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Home Brew Forums > Home Brewing Beer > Beginners Beer Brewing Forum > Secondary fermentation vs. maturation time
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Old 04-16-2013, 07:08 PM   #11
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I have found that leaving the beer in primary for 4-5 weeks allows the yeast time to work all their magic and for the beer to "drop bright."

Then to the bottles, where the aging (conditioning) happens. With the beer in bottles (and carbed) it is easy to monitor the progression of the flavor profile.

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Old 04-16-2013, 07:16 PM   #12
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If you wait long enough you can taste a difference in some beers... Also the advantage of bulk conditioning is that more yeast and other stuff that may still be floating will precipitate. I really liked the results of leaving the corny keg at cold temp for a couple of weeks... A lot more settled and it was so easy to flush it out before releasing that batch (either bottling or tapping)

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Old 04-16-2013, 08:01 PM   #13
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When the primary fermentation finishes or is about to finish the yeast goes in a "conditioning" phase. They start converting heavier sugar like Maltotriose and byproducts produced in the primary fermentations. These byproducts can result in off flavors.

John Palmer also explain why the beer should be removed from the yeast cake if possible. It's only part of the page, I recommend reading the whole page because he says you could also leave the beer on the yeast cake... (http://www.howtobrew.com/section1/chapter8-2-3.html) I also recommend reading the whole "Fermentation" section for great knowledge

"Under some conditions, the yeast will also consume some of the compounds in the trub. The "fermentation" of these compounds can produce several off-flavors. In addition, the dormant yeast on the bottom of the fermentor begin excreting more amino and fatty acids. Leaving the post-primary beer on the trub and yeast cake for too long (more than about three weeks) will tend to result in soapy flavors becoming evident. Further, after very long times the yeast begin to die and break down - autolysis, which produces yeasty or rubbery/fatty/meaty flavors and aromas. For these reasons, it can be important to get the beer off of the trub and dormant yeast during the conditioning phase."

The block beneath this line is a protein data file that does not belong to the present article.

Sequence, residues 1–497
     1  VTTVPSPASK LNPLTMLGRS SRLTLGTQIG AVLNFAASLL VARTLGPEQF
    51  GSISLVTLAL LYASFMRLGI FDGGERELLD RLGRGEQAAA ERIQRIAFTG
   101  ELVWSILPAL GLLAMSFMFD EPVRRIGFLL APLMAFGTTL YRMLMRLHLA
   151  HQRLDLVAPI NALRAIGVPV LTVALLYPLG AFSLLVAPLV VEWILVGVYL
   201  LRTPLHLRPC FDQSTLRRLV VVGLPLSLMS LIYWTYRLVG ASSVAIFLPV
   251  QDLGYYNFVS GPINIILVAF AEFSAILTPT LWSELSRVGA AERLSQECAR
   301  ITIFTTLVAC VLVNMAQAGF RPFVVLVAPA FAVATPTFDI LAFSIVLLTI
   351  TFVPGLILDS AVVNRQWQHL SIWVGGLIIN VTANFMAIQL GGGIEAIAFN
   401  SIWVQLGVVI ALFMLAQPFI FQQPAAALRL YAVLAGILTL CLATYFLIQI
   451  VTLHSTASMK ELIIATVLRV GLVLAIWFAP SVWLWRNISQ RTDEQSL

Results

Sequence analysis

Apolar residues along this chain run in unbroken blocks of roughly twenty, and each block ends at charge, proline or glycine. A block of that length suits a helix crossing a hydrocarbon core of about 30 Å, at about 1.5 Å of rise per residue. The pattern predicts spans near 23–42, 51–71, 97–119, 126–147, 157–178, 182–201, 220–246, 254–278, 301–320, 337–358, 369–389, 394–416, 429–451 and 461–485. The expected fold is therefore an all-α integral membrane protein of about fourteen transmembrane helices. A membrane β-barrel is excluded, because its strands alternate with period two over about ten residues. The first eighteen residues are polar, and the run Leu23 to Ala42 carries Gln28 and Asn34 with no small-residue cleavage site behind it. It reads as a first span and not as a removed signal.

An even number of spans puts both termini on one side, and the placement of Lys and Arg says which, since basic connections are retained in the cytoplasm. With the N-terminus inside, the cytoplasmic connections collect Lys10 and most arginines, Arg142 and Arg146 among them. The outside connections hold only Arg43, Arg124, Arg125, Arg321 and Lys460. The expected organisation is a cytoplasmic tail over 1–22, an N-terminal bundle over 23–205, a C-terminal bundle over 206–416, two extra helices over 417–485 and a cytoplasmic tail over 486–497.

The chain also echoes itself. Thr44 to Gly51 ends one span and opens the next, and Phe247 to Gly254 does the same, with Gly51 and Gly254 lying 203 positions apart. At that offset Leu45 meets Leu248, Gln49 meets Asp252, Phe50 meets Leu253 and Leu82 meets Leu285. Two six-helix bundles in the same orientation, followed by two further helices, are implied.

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Old 04-16-2013, 08:35 PM   #14
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"John Palmer also explain why the beer should be removed from the yeast cake if possible."

Palmer has retracted all of that. The online version is the "old" book and he's made quite a few updates over the years.

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Old 04-16-2013, 10:35 PM   #15
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Ya, my friends and I live in fear of Autolysis from all our beginner-book readings. But we've never experienced it.

For me, the biggest job of brewing so far has been managing my anxieties and doubts. I've yet to brew a beer that I haven't totally enjoyed, but I still sweat bullets every step of the way. Can't wait till I'm a more relaxed brewer.

Here's what I think I'm gonna do based on all your advice:

Bottle my Saison and Nut Brown Ale when the three weeks is up! Sit on 'em for as long as I can possibly stand it. Maybe taste a few now and again to see how their coming along.

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Old 04-17-2013, 12:38 AM   #16
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You should get a pipeline going... That way you won't be tempted to drink too soon, because there will be plenty around.... I got 7 batches since early March... still working on the first one...

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Old 04-17-2013, 03:06 AM   #17
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Quote:
Originally Posted by billl View Post
"John Palmer also explain why the beer should be removed from the yeast cake if possible."

Palmer has retracted all of that. The online version is the "old" book and he's made quite a few updates over the years.
All of it really? Damn, I was living in a lie all that time... Thank for letter me know.
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Old 04-17-2013, 04:00 PM   #18
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I'm sorta on that track right now: in addition to the Saison and Nut Brown, I also brewed a Dead Guy Ale clone and a Porter all in the span of 2 weeks. I'm also researching more recipes to move on so that I'm basically drinking 90% My Own Beer this summer.

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Old 04-18-2013, 01:08 PM   #19
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Quote:
Originally Posted by dannyonions View Post
I'm sorta on that track right now: in addition to the Saison and Nut Brown, I also brewed a Dead Guy Ale clone and a Porter all in the span of 2 weeks. I'm also researching more recipes to move on so that I'm basically drinking 90% My Own Beer this summer.
nice!

i brewed this many for the couples shower the better half wants to throw. it was a good excuse to have her on board with all this brewing...

i learned so much doing them that I only wish I could do another bunch asap....
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